On this week’s episode of Making a Monster, we turn sci-fi survival horror into campy B-movie schlock with the Leper Space Nuns from Starship Infernum, by Robert Turk of Wicked Clever Games.
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Play Dungeons & Dragons because it’s probably the first tabletop RPG you heard about. Play other games for the stories D&D can’t tell. And there are so many stories to be told.
Robert Turk is an independent game designer and 30-year veteran of roleplaying games. “I write games that are easy to bring to the table, that are not intimidating in their scope, and are fun and different to play,” he says. “Some people say my games are sort of gateway games for people that don’t normally play role-playing games that are intimidated by multiple books and having to have a college degree to do the math and all that – I don’t do that.”
Wicked Clever Games
Robert designs under the label Wicked Clever Games. His previous credits include Are You Mental, a card-driven role-playing game about lunatic superheroes who escape the asylum to go off and save the world; Purgatory House, a black-jack based horror game set in an endless haunted house; and Wyrd Scouts, a game about magical kids and an enchanted forest, earning badges and exploring the wood and helping monsters instead of fighting monsters.
Starship Infernum uses the same black-jack mechanic for a game set in a space station where everything is going wrong and survival is never guaranteed. While the game is built to evoke the nerve-wracking tension of survival horror, his favorite monster comes from a campy, comedic scenario that tweaks horror in the nose.
“In my head, when I see the leper space nuns, they’ve got a combination between nun habits and, like, a mummy, because they’re all wrapped up in bandages. So when the players encounter them at first, they might think they’re these peaceful ladies going about their holy business – and then the nuns turn around and try to rip their faces off,” Robert explains.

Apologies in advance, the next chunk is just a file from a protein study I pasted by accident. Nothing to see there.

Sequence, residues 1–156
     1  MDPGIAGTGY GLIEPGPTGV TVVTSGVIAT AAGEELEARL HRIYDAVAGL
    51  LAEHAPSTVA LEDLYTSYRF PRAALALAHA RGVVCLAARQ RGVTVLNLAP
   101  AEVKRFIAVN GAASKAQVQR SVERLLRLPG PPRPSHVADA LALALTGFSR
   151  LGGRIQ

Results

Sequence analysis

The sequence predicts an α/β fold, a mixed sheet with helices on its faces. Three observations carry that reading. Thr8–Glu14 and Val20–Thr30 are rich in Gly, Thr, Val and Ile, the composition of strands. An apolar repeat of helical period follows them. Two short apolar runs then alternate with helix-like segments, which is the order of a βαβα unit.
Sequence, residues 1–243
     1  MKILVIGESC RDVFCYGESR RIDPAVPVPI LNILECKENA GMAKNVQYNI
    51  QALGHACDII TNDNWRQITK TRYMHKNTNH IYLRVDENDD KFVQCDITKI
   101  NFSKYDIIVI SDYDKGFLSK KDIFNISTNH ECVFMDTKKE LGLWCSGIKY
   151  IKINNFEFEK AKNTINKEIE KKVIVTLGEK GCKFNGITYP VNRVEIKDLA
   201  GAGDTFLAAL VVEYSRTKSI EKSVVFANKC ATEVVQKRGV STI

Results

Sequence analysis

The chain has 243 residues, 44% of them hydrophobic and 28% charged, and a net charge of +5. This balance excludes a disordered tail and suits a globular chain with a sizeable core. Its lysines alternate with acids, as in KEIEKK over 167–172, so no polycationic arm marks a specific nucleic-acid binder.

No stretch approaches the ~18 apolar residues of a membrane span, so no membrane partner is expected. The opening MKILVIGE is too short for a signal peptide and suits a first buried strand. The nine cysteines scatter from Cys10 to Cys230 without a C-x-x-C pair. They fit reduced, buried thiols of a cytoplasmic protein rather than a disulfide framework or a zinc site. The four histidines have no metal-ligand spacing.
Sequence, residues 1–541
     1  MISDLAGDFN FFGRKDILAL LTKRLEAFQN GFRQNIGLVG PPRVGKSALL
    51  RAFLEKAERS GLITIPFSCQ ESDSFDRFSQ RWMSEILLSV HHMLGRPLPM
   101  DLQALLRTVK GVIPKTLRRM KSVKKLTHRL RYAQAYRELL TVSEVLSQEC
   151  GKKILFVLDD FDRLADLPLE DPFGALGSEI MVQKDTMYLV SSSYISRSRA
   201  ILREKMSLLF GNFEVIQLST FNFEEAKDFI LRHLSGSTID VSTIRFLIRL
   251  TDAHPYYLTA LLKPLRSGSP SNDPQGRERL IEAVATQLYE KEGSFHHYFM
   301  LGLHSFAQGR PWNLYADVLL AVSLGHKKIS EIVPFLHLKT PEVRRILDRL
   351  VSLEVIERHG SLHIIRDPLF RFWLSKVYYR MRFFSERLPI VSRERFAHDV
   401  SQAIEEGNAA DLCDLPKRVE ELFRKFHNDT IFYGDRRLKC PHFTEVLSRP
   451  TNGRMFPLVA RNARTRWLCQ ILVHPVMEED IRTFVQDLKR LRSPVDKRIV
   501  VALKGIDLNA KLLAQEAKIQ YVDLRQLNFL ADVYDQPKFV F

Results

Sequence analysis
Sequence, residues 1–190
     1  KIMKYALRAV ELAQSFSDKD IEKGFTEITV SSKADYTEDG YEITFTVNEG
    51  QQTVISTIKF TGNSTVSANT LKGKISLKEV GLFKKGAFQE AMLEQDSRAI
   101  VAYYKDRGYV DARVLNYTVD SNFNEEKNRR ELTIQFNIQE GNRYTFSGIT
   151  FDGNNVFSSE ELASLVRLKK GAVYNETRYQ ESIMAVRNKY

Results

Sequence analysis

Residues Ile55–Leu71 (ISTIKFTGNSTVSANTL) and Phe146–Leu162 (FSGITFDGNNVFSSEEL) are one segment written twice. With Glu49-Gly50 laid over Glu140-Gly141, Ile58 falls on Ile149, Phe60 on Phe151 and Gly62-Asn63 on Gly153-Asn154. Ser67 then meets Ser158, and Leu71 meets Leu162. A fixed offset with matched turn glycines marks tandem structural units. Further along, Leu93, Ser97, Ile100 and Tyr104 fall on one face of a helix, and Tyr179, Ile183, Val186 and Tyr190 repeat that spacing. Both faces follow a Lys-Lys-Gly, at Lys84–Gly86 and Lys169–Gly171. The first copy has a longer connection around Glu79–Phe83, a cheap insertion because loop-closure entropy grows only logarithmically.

The nuns are a comedy goldmine that interacts with people’s deeply-held convictions. “Even if you’re not a religious person, I think most people have respect for that established hierarchy of people that dedicate their life to service or religion,” Robert continues. “I don’t know anybody that talks bad about nuns, even people that went to Catholic school. In the game the Leper Nuns are not evil monsters – they are basically cursed ladies who were doing good things and now will have to eat your face to survive. So they’re just trying to do what’s in their nature. They’re a holy order.
So I have found in running this game, people are very hesitant to attack the nuns. The question that it asks you deep down in your core of humanity is when does it become acceptable to do horrible things to survive?”
Running a Role-Playing Game
Role-playing games, and this scenario in particular – require a game master to constantly balance real and make-believe, comedy and truth, tension and release. It’s not an easy balance to strike. But the reward is a memorable, enjoyable experience that allows people to encounter in a safe way questions like, “How far would you go?”
“When I run a game, it is very much about the players’ experience. It’s about the story and the journey that they are exploring,” Robert says. “So I think that dichotomy – these nuns are going to eat your face, but they’re also kind of fun and funny – spins out of that naturally. We want to tell a good story. We want to have a good time. And in a game like Starship Infernum, where it does get very tense at moments and you do have characters dying, it helps to let those moments of levity have a second or two to breathe.”
You can also find Wicked Clever Games on Facebook at facebook.com/wickedclever, or at their website www.wicked-clever.com. Since this episode was recorded, Robert has also set up a Patreon for his current game design project, Goblonia, at Patreon.com/thegoblinguy.
“It comes out of short stories and writings that I started doing about nine years ago, and the character that I used to play, Gandersnitch the goblin, on stage at storytelling festivals,” Robert explains. “So it’s basically a game set in his world. I’ve been working on that one for four years.”